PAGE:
Kongnamul Guk (Soybean Sprout Soup)

As promised in my mu guk (radish soup) post, here is my Kongnamul guk (soybean sprouts soup) recipe. Kongnamul (soybean sprouts) is a staple Korean vegetable that is used in many Korean dishes. It’s cheap and available all year around. While, especially outside Korea, the best known dish made with soybean sprouts is kongnamul muchim (seasoned side dish), its soup version is one of the most frequently eaten soups in Korean homes. It can be made with any type of broth such as beef broth, anchovy broth, or simply water. Often some gochugaru (red chili pepper flakes) is added for a spicy kick. However, unless I make kimchi kongnamul guk, which deserves a post of its own, I usually make it simply with a light anchovy broth to enjoy the natural nutty flavor of the soybean sprouts. It’s important not to overcook the soybean sprouts to retain its crunchy texture. This light and refreshing soup, with a subtle nutty flavor, will go remarkably well with any Korean meal.

2 or 3 servings
Ingredients
:
8 ounce kongnamul (soybean sprouts)
6 – 8 medium to large size dried anchovies for broth
1 garlic clove, thinly sliced
1 scallions, chopped
salt and pepper

6 cups of water

In a medium size pot, bring 6 cups of water with the anchovies and garlic to a boil, uncovered. Reduce the heat to medium high and boil, uncovered, for 10 minutes. Remove the anchovies and garlic from the broth.

Rinse the soybean sprouts a couple of times, discarding any skins floating. Some people snip off the roots for cleaner appearance, but it’s not necessary. I personally don’t think it is worth the time. I also read somewhere that the roots have some nutrients.

Add the bean sprouts and 1 teaspoon of salt and boil, covered, for 7-8 minutes (longer if using cold broth) over medium high heat. Do not open the lid while the bean sprouts are being cooked, or the raw bean smell will linger even after cooked. Once kongnamul is cooked, taste for salt and pepper. The amount of salt needed at this point will depend on your salt and taste. Add the scallions and serve.

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Comments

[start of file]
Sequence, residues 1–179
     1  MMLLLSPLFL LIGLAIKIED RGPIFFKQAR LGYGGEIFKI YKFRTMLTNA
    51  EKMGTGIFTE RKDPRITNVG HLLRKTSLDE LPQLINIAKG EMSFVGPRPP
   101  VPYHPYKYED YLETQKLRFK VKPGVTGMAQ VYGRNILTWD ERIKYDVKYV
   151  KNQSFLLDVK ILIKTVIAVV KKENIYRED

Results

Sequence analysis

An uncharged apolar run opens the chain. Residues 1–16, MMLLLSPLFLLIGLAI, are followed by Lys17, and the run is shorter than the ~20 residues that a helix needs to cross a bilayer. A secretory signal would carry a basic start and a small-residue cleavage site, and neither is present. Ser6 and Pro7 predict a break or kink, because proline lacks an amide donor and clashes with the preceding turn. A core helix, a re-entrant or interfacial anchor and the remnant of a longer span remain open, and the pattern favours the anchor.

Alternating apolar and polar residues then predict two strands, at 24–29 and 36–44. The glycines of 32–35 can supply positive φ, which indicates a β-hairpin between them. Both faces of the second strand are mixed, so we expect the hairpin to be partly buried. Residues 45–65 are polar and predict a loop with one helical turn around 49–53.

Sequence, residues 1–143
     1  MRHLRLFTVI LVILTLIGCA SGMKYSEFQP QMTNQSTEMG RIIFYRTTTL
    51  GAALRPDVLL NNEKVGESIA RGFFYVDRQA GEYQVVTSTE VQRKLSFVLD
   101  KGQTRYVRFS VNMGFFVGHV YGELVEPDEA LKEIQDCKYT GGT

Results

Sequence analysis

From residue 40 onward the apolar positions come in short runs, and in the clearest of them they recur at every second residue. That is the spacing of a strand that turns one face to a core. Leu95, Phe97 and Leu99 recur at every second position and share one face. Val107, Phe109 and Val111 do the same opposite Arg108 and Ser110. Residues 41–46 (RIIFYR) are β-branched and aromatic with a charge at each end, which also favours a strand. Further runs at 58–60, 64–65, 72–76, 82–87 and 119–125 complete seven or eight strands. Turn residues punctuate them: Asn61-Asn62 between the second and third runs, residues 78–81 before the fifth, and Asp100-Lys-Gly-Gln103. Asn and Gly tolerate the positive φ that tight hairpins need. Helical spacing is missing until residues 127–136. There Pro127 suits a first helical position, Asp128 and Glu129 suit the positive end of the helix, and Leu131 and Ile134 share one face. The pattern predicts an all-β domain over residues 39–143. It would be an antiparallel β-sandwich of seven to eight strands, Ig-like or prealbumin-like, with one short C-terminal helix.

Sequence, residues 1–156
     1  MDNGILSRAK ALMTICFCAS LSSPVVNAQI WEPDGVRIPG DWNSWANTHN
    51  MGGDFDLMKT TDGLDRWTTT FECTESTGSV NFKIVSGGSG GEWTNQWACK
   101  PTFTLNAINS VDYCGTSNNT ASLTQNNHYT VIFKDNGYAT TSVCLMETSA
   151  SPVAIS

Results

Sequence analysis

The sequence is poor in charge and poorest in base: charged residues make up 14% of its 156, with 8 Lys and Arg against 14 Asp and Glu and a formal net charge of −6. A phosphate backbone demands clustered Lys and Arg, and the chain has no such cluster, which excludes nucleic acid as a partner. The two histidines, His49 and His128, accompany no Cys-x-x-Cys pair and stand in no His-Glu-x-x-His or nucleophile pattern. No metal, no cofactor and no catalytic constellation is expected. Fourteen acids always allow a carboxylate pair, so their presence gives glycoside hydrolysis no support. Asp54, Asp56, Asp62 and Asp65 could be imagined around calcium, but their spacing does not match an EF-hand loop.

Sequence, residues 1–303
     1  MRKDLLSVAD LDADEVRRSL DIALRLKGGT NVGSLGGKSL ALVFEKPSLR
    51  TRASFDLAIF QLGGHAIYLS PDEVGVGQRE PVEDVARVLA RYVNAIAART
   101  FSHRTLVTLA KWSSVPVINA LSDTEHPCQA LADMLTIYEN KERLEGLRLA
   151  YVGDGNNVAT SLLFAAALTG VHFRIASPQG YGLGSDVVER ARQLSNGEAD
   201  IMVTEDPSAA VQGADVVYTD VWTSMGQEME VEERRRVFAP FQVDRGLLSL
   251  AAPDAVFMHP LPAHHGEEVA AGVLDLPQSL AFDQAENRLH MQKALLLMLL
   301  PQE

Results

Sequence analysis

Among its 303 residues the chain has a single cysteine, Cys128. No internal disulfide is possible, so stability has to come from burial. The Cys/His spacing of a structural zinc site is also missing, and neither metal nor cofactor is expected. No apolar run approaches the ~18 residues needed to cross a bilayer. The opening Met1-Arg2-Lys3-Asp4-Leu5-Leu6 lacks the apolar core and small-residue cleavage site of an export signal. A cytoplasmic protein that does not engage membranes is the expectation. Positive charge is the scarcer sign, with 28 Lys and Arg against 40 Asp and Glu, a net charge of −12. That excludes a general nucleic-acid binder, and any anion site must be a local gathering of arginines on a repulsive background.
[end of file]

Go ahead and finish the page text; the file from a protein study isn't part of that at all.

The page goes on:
1. i love kongnamul gook! My mom used to make it all the time when I was a kid. I would dump a scoopful of rice in it and eat it like that. It was so good :) Maybe now I’m old enough to make my own! ;]

  2. i saw some soybeans sprouts at the local Asian store but did not know how to cook them and did not buy. next time i’ll get some, would love to try this soup. thanks for sharing.
    congrats on the well deserved award :)

  3. This looks like a healthy bowl of soup. I love soybeans sprouts and love all your photos. They are lovely!

  4. So looking forward to making this. A gentle and scrumptious bowl of goodness!

  5. Roxan – That’s how I eat it sometimes too. Of course you can make this. I really hope you try. Thanks.

    A little bit of everything – Hope you will buy some next time and try to make this. Thanks for visiting!

    Quay Po Cooks – Thank you for the nice words. It’s so good to see you again here.

    Mickle – Let me know how it turns out if you make it. Thanks for stopping by.

  6. Mmm. This looks so simple and refreshing! I’ve never made this before. I will have to bookmark your recipe!

  7. My mom use Water. How much cups do you think I need or do I still use 6 cups?

  8. Hello. Thanks for the great recipes. I was wondering – is it possible to use “da shi da” for the broth?

  9. Anonymous says:

    does anyone know if theres other kind of broth or can i use water by itself?

  10. I just want to thank you for posting this recipe. My mom came down with an awful cold because of me and I wanted to make her soup to make her feel better. I’m Korean, but never made Korean food before. Your recipe was perfect and the soup turned out great. My mom is loving it. Thanks again.

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